Monday, April 30, 2012

That one time we had disrespectfully loud time

We threw a party. Not wanting to disturb our new neighbors, we made it an afternoon party. "It'll be over by 10. At the latest." It started at 4... and may or may not have lasted nearly twelve hours. Someone's shoes were stolen, birthday cake was had, and new friends were made. Twas epic. Team Pokemon style.

Anyways, here are some photos of the past few weeks. I'll try to keep this short. But no promises, because we all know I say that a lot.

Our trek in Iruma to find John's mystery school

I rewarded myself with a delicious bear doughnut.  Specifically for this picture

I <3 Costco, and the 477 yen PUMA jackets

Most adorable pastries ever from Ai-chan. 94372 points for her

Ai-chan made delicious dinner
The most decent picture of 50% of the group at Hourai

Lighting the birthday cake

I love this picture for so many reasons
Shizuka! The first friend I've legitimately made in Japan

Ai-chan and the GIANT amazing croissant she brought us! It's as big as her head!!!
PLUS awesome apple pie. Yayy Ai-chan!!!

Our first housewarming gift. So beautiful!!!!

Wednesday, April 25, 2012

JaquieRin- sensei

It has a nice ring to it. Not going to lie, every time I hear "Jaquierin sensei!! Jaquierin sensei!!" in the halls (or every five feet on my walk home from school- living in the middle of Hanno means that I see at least 7 of my students everywhere...) it makes me smile. I love it.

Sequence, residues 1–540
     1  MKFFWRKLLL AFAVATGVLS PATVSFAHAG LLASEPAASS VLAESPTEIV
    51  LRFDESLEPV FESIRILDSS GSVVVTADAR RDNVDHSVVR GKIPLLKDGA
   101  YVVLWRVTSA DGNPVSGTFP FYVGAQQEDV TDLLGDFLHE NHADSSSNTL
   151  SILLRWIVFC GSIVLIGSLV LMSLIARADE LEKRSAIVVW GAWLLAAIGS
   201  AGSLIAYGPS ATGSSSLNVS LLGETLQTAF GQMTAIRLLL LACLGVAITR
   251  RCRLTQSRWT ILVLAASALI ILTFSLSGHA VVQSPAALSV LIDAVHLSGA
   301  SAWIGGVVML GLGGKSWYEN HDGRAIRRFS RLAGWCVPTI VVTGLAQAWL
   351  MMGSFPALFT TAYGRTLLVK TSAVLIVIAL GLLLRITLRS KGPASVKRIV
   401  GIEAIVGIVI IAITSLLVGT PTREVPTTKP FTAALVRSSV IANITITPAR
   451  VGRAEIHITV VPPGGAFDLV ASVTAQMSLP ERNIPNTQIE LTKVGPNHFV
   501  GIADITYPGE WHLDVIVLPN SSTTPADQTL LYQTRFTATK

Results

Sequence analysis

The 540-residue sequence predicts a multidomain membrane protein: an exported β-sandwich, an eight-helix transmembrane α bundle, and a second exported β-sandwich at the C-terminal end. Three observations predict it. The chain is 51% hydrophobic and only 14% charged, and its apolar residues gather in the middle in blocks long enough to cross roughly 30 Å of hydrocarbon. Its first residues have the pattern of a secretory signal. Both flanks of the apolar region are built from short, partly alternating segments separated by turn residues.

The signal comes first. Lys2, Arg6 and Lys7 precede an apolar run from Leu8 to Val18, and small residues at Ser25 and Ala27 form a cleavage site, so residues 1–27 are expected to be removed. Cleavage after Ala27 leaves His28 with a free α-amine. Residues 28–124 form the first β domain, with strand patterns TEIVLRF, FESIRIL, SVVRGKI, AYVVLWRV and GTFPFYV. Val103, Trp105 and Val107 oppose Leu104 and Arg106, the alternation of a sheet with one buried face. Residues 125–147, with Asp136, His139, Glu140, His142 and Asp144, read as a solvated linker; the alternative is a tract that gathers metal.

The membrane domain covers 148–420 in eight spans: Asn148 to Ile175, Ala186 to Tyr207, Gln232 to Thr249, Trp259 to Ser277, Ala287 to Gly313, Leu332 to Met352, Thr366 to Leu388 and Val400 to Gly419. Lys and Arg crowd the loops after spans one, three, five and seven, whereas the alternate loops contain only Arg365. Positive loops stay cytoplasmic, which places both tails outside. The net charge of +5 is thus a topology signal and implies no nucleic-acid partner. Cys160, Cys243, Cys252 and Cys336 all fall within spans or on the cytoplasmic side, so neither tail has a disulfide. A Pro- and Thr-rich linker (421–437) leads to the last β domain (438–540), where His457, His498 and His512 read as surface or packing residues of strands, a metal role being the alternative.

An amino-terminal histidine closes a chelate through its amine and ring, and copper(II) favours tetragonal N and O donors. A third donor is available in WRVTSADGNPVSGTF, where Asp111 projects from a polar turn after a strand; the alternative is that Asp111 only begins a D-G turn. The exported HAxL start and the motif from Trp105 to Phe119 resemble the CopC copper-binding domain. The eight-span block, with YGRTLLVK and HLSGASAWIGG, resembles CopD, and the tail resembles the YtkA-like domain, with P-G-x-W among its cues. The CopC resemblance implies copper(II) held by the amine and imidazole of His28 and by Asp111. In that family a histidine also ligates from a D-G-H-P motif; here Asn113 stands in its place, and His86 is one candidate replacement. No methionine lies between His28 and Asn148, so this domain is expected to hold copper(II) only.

So teaching in Japan is proving to be interesting. They teach English in Japanese... which means in [some of the] ENGLISH class[es], I have noooo idea what is being said/taught. Seems a little confusing, but I guess I hated it when I had my"full immersion" language Italian class. The teacher walked in, and it was a sink or swim kind of class. She didn't speak a lick of English, and it was Italian for like four hours a day. No joke. I hated life.

Now I am that teacher who doesn't speak a lick of the country's language. Oh how ironic. 

I have some fun times at school... even if I only laugh on the inside AND I'm the only one who thinks it's funny.
  • when writing numbers on the board, one of the Japanese English teachers proceeded to spell "two" "t-w-u". I cringed.
  • when instructing the students to count, one teacher made sure his voice was the loudest. Past #40, all the numbers went something like this "51, 52, 53, 54, 57, 59, 60!" At least three numbers were skipped every time. When his answer book said the answer should be "102" but he finished counting at #94... the look was priceless.
  • they sing their ABC's differently. And the ending goes "Happy, happy, I'm happy. I can sing my ABC's". I think I laughed out loud the first time I heard it. 
  • at the end of one of my classes, about 15 third-grade girls walked me back to the teacher's room, fighting over who gets to carry my papers and books. All the while, hanging onto my arms and telling me that I'm kawaiiii (cute). I pretty much felt like a rockstar
  • when I told John about lunch speed eating hour, his reply was "well, you eat kindaa slow". Usually everyone attributes my slow eating speed to the fact that I like to talk a lot. Well, rest assured, I do absolutely no talking during lunch. And I'm consistently the last one to finish. They freaking inhale their food here.
  • when you walk into a classroom, privacy ceases to exist. The kids mutter through my lesson plans, books, signs, and worksheets. It's still kind of baffling to me...